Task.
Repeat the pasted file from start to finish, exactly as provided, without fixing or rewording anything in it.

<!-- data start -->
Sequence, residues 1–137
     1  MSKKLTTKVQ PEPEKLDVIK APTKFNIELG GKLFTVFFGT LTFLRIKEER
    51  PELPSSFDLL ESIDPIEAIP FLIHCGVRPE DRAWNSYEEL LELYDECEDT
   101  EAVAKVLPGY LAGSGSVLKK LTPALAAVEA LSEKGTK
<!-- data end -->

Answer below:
Sequence, residues 1–137
     1  MSKKLTTKVQ PEPEKLDVIK APTKFNIELG GKLFTVFFGT LTFLRIKEER
    51  PELPSSFDLL ESIDPIEAIP FLIHCGVRPE DRAWNSYEEL LELYDECEDT
   101  EAVAKVLPGY LAGSGSVLKK LTPALAAVEA LSEKGTK